1. I agree with you, but that’s indeed how Wall Street operates. Record earnings today mean nothing. Everything is rated in terms of future projections compared to the competition. That’s why Cook’s “nice guy” image is doing Apple no favors. If he isn’t competing head to head on practically every emerging tech front, then AAPL will continue to be pushed down. Cook needs to speed up the innovation — or at least the corporate communication — back to what it was 5 years ago. A major product announcement every quarter at least.

            1. Did Steve Jobs have Apple competing in every major product category? No. They released the iPod in 2001, iterated it, and didn’t have another breakthrough product until 2007 with the phone. They have been iterating the phone for 6 years now. 2010 they released the iPad.

              How does that equate to a groundbreaking product every quarter?

            2. The iPod was released in a different market. It’s not 2001 anymore.
              Cook has $150b in the bank while Apple’s core competences erode.
              Here’s a partial list:-
              Finder: So far past its sell by date is absurd. Bugs and missing features remain after decades. It annoys and confuses noobs (UI is perversely unintuitive, eg: you can click to select one item, then drag another without the highlight changing…) AND also frustrates veterans by being uncustomizable and limiting.
              Mail: Bug ridden (still) with amateurish features and spam filtering that simply doesn’t work.
              iTunes. STILL clunky and outdated. Confusing UI that has not been substanially updated since Apple bought it in 2000.
              Contacts/Calendar: Rudimentary features and bad design. No dev will touch this stuff with a killer ‘Outlook’ level app because Apple is so flaky, both with dreadfully unreliable cloud sync and the unfortunate propensity to add/remove/change its sync methods without warning.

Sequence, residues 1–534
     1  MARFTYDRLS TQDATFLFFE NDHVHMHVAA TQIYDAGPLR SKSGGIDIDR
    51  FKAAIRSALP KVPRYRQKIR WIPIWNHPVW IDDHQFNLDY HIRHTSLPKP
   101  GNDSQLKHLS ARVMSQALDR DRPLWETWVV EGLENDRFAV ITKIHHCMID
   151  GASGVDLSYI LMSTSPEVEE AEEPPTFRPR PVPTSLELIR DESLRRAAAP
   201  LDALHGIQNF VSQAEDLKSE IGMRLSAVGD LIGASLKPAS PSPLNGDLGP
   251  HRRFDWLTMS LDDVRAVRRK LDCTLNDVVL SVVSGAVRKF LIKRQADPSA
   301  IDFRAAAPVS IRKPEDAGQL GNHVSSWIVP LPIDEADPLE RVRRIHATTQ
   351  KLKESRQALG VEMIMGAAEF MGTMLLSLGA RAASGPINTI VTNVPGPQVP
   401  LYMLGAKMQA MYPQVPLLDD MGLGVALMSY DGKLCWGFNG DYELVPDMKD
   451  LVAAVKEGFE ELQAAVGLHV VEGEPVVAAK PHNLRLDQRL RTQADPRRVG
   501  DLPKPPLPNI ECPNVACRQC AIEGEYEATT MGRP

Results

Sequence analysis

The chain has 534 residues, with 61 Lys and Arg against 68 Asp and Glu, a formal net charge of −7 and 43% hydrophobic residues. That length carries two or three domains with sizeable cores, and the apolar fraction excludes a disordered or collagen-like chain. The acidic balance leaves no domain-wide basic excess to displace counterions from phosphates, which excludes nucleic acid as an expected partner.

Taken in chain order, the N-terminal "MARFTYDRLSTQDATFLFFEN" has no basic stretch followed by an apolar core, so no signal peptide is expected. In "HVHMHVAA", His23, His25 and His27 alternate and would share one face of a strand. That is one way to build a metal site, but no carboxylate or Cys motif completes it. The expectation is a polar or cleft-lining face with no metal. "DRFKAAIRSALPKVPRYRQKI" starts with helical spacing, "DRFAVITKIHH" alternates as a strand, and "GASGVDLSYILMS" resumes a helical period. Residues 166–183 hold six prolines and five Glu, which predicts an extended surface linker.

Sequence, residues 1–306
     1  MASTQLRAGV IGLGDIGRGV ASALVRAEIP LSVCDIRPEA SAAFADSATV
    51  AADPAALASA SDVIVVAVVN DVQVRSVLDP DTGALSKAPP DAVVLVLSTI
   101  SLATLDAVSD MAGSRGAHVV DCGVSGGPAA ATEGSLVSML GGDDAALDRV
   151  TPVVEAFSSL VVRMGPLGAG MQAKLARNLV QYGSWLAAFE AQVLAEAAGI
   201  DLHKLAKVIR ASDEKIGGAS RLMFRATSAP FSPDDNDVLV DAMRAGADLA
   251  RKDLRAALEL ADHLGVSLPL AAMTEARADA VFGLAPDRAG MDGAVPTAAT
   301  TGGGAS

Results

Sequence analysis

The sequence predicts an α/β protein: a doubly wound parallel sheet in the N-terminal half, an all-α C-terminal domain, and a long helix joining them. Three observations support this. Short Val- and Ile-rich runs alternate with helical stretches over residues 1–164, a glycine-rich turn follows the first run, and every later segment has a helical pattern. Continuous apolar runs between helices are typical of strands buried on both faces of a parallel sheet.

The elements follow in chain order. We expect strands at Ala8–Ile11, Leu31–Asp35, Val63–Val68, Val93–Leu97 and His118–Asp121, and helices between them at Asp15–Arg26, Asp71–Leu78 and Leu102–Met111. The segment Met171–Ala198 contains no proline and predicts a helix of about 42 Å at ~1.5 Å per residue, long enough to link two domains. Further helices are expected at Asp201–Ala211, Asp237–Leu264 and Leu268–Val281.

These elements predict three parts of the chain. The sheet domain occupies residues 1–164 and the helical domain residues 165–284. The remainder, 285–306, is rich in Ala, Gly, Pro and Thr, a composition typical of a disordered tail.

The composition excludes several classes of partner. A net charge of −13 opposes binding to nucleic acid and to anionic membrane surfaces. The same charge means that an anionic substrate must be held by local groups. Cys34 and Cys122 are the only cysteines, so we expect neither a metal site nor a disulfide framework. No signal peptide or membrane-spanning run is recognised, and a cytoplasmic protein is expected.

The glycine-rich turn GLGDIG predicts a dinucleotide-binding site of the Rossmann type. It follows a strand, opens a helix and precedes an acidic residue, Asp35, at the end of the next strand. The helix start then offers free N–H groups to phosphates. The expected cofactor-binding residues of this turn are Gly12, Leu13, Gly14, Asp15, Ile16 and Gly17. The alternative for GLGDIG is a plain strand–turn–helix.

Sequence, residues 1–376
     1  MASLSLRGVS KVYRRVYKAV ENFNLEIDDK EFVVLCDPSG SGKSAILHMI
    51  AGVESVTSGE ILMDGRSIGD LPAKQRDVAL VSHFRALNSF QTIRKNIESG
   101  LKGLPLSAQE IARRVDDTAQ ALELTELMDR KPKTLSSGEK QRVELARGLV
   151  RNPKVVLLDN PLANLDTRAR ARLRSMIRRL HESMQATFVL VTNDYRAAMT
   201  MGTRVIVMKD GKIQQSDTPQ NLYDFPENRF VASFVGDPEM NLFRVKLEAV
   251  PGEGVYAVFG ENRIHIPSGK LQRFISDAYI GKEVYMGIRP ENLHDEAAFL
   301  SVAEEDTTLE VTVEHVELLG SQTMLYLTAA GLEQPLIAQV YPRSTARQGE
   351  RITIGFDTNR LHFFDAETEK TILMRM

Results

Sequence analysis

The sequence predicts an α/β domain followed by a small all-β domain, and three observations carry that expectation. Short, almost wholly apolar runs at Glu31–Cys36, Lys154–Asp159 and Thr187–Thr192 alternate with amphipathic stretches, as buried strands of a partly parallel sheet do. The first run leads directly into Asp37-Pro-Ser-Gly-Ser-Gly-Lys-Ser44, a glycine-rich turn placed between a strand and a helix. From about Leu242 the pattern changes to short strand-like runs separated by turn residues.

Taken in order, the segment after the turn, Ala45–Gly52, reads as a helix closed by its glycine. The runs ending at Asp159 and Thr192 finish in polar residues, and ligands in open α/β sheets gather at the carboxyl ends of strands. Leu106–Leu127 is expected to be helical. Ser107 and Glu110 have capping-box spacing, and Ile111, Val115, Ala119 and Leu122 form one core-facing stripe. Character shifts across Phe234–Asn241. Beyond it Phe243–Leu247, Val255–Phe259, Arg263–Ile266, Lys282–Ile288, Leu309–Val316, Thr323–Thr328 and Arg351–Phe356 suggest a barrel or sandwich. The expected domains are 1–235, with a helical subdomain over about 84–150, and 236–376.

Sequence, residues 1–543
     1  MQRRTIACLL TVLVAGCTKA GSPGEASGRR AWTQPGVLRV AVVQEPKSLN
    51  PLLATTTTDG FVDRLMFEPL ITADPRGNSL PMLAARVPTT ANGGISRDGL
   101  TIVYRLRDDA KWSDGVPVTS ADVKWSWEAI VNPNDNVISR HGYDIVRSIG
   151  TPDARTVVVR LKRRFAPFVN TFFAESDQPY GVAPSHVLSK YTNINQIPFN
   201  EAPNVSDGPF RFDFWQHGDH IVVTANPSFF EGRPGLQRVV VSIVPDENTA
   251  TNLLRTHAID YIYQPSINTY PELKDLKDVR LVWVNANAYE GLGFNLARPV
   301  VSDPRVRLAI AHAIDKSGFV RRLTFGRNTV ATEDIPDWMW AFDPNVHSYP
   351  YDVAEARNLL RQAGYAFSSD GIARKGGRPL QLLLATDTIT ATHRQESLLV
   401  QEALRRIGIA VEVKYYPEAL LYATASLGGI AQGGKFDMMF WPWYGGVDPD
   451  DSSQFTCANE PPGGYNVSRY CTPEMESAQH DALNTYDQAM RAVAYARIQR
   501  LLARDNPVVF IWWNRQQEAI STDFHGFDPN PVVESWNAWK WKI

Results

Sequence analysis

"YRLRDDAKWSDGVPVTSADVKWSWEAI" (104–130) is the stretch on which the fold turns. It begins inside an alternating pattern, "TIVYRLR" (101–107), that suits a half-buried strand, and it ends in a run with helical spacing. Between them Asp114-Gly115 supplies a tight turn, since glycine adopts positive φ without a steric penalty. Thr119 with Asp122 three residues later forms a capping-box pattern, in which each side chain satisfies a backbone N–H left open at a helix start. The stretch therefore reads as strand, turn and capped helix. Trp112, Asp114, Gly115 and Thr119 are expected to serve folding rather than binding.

Aperture: The app is now so far behind Lightroom it’s crazy. And this in a field Apple should outright own. Such a shame.
              FCPX: No matter what Apple adds now, it’s too late. My FCP7 buddy laughs when I mention it. It’ll take years for the damage that the FCPX debacle inflicted to be be repaired.
              iLife: Years of neglect followed by a feature gutting of the apps has taken its toll. iMovie is appallingly clunky and unreliable and the one bright spot, Garageband just got ‘FCPXed’. Nice. Apps like iPhoto have been dumbed down to match their namesakes on iOS but do not interact with those versions in any way. O_o
              iWork: Same thing, the catch is Apple courts office professionals with this garbage and expects to be taken seriously after ripping out features those very people relied on to do their jobs.
              NOT the way to engender trust.
              Go ahead, read the reviews of these apps. It’s a travesty that a company so wealthy produces this stuff.
              Yamaha manages to produce many and varied products, and yet the company’s name is byword for reliability and quality. My Yamaha bass is a great instrument.
              Sorry, it IS possible to have a large portfolio AND high quality.
              Apple has no excuse.

        2. C’mon Mike. A single company. One million products a DAY. Apple is the business of making money. As you say, Wall Street is in the business of betting on horses.

          Disappointing Wall Street’s expectations is second to making money in any sane CEO’s book. You want to make money off of Apple’s stock? Sell some of it, like your Wall Street heroes are doing.

          A record sales quarter. Early in the year and reiterated promises of entering new product categories. You unhappy about that then go suck on your thumb for a few months. I’m willing to let them get more than a month into 2014.

  5. I’d be happy if they just stop coming out with software that pisses everybody [with a brain] off. (I just threw that ‘brain’ part in there for the you-know-whos.) It’s getting old hearing how ‘amazing’, ‘incredible’, and ‘fantastic’ everything is GOING to be when the current stuff has so many bugs that take MONTHS to fix…if at all. They need a bug report system like open software products so we can see what they are working on, instead of just having a feedback black hole. And when some wide-spread problem starts making the rounds all they have to say is, “We see it. We’re on it.” I don’t care if they don’t tell us what’s next, but it’s kind of insulting to treat your customers like they don’t know a problem when they see one.